“We Were Blessed to Have Him”

Animals as Leaders’ Tosin Abasi reflects on the genius of Eddie Van Halen.

by
Eddie Van Halen in 1978. Credit: Paul Natkin/WireImage.

A singular presence in the history of popular music and a revolutionary figure in the development of rock guitar, Eddie Van Halen died earlier this week at the age of 65. To help us pay tribute, we reached out to one of contemporary rock and metal’s most gifted and influential young guitarists, Animals as Leaders’ Tosin Abasi, to reflect on the genius of EVH with our contributor Shaun Brady. – Ed.

I grew up listening to whatever was on MTV. I can still see the “Hot for Teacher” video in my head. I distinctly remember the over-the-top irreverence and playfulness mixed with extreme musicianship. It’s quintessential rock and roll, but then you add the double bass drum and Eddie Van Halen tapping. I wasn’t playing guitar yet, but I was enthralled with that video.

At this point I wasn’t old enough to make my own money and buy my own CDs. If Van Halen was on the radio or on TV I would hear the songs, but I didn’t know any deep cuts, and I didn’t know their history. But I had been exposed.

I started playing guitar at the age of 12, at a time when Nirvana, Soundgarden and Pearl Jam were dominating the airwaves. As I got better, I purchased an instructional video called something like Play in the Style of Eddie Van Halen. It exposed a lot of the detail in what he was doing. He bridged the gap between raw rock-and-roll energy and precise advanced techniques. Usually people who are playing in that very precise way don’t incorporate that raw feel, but Eddie was the perfect middle point between both things. So I learned all those licks and started to listen to them more.

Learning guitar, you become a different type of listener. Eddie made such an impact on guitarists. There’s Van Halen as an epic rock band, but every electric guitar player is aware of Eddie’s contributions. He originated certain techniques. At the time he came on the scene, he was doing things that no one had really done before, whether it was two-handed tapping or his speed and accuracy, diverging from blues-based lead playing. As a student I really wanted to be able to do a lot of the same stuff. It just sounds so cool.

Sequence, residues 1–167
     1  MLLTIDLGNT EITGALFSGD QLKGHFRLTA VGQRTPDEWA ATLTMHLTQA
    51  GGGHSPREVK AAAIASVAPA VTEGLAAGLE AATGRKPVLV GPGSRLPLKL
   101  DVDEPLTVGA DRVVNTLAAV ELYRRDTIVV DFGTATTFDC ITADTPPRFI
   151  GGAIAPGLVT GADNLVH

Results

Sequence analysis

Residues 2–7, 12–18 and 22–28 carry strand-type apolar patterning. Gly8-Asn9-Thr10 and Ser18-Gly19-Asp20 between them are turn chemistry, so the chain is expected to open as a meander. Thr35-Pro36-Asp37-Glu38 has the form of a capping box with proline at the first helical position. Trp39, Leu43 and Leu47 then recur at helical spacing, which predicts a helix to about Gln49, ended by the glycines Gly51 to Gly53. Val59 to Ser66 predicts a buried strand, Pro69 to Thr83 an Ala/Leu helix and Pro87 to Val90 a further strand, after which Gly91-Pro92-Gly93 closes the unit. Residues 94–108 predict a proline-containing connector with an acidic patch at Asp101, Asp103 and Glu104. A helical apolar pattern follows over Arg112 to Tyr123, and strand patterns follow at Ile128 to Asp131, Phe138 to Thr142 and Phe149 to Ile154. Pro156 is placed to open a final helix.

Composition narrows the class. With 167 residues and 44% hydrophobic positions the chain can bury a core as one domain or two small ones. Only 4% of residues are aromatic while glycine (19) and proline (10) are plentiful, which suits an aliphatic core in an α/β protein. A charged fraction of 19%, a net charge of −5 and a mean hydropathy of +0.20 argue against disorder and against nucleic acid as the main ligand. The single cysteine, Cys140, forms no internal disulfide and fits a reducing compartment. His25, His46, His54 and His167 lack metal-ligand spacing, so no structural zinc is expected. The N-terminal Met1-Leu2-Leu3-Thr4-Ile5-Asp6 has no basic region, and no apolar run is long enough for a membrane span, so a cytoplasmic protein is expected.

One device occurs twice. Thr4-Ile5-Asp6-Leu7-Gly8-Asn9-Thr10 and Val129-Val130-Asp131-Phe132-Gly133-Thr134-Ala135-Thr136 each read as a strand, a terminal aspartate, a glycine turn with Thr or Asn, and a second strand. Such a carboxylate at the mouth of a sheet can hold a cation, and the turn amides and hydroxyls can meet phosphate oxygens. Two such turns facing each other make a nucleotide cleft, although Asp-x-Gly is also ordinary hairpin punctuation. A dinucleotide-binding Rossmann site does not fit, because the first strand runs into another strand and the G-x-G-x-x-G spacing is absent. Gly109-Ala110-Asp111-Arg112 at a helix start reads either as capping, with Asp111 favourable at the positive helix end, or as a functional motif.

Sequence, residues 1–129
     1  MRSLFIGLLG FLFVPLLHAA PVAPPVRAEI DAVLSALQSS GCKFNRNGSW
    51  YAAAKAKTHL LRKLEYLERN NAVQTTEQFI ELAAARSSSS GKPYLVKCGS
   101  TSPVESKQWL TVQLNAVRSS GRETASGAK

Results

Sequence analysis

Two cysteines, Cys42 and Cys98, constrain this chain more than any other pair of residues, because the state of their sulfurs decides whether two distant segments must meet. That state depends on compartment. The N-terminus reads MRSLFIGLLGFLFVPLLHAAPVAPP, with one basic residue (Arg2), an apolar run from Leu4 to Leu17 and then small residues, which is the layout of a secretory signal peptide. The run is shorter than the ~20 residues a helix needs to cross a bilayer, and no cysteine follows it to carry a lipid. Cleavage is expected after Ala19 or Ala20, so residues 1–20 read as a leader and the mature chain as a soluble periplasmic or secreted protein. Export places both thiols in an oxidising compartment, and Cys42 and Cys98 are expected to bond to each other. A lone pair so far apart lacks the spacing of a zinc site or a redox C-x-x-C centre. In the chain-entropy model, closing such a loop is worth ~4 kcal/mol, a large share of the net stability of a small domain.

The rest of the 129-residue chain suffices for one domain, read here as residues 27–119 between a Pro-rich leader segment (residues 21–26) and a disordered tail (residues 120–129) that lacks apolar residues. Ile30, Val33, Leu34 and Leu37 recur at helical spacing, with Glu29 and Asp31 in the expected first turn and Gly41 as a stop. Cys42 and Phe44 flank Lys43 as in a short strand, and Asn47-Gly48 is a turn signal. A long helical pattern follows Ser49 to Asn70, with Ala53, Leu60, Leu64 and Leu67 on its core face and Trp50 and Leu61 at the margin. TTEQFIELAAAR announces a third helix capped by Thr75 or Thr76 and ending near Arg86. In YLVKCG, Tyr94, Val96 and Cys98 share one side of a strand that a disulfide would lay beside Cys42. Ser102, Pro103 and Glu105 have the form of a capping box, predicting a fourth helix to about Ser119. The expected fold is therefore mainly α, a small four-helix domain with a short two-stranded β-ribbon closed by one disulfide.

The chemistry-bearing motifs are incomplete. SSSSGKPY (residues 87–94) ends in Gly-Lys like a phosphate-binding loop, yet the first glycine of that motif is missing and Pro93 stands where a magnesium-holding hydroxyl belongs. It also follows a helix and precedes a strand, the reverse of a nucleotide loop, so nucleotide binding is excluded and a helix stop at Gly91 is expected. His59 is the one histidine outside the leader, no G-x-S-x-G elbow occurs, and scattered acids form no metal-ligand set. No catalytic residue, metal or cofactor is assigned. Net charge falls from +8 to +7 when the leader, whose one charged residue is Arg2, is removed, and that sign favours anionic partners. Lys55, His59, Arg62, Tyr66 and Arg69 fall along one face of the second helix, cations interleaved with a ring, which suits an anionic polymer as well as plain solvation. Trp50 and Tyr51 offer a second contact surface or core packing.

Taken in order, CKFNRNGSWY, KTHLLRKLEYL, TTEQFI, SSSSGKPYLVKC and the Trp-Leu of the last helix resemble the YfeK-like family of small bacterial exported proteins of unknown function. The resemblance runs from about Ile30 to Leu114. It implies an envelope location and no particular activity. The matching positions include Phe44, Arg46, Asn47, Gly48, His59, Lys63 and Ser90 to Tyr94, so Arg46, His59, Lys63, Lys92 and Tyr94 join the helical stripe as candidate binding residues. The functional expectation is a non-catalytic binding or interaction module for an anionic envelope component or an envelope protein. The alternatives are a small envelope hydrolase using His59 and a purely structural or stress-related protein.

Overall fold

I call him a “quantum leap” player. There’s the zeitgeist of what electric guitar players sound like, and then all of a sudden you have this one person who comes from out of nowhere and it seems like they’re from the future. Even though I didn’t live through that actual period, I was aware of that. There were people [before him] who played fast or fierce, but for him that was just a starting point. He took it further, and Eddie Van Halen’s aesthetic contributed a lot to the modern metal guitar tone. His impact had occurred long before I started playing, but I was still aware that what he was doing was far beyond a lot of the stuff I was hearing in rock music. It had a signature. You could always tell who it was when you heard him.

There are so many Van Halen songs where you could take just the isolated guitar part and [realize that] it’s not just a chord progression, it’s a musical statement. He was excellent at that. And then there was the way he played: He didn’t just play straight rhythm and then take a solo for a moment. He used ad libs and embellishments throughout the song that made for a highly stylized way of playing rhythm guitar. There’s so much personality and so much effortlessness to it.

“Hot for Teacher” is basically a study in two-handed tapping, as is “Eruption.” “Ain’t Talkin’ ’Bout Love” has a really cool riff; you could play the first four or five notes and instantly know what the song is. On “Dance the Night Away” he uses harmonic tapping, where he’s tapping 12 frets away from the root note and creating an artificial harmonic. It almost sounds like a steel drum. There are tons of examples, but those are the main ones for me.

He’s probably the most impactful electric guitar player in a modern sense. Once rock became rock, Eddie became the template for what it meant to be a modern lead guitar player. He wasn’t just the lead guitarist; he contributed to the songwriting, he was an amazing performer, and this doesn’t get talked about as often, but he even made contributions to musical equipment. The 5150 amplifier is, to this day, one of the best high-gain amplifiers you can use for a rock or metal recording. It’s one thing to get good at your instrument or to write music, but to be able to contribute to the tools that people use to make music moving forward is a huge thing, and I feel like it was probably effortless for him. It’s nice that he’s immortalized in that way.

Virtuosity oftentimes can be separate from what people consider a strong song, or something that they can relate to if they don’t play the instrument. But every once in a while you get a person who can incorporate those peak moments of ability into a song that has musical value and isn’t just an exercise in virtuosity. Van Halen played arena rock, and then you get to see this guy with Olympic-level guitar ability. I took that as an absolute impetus for how I wanted to make music. We were blessed to have him. His impact is immeasurable.

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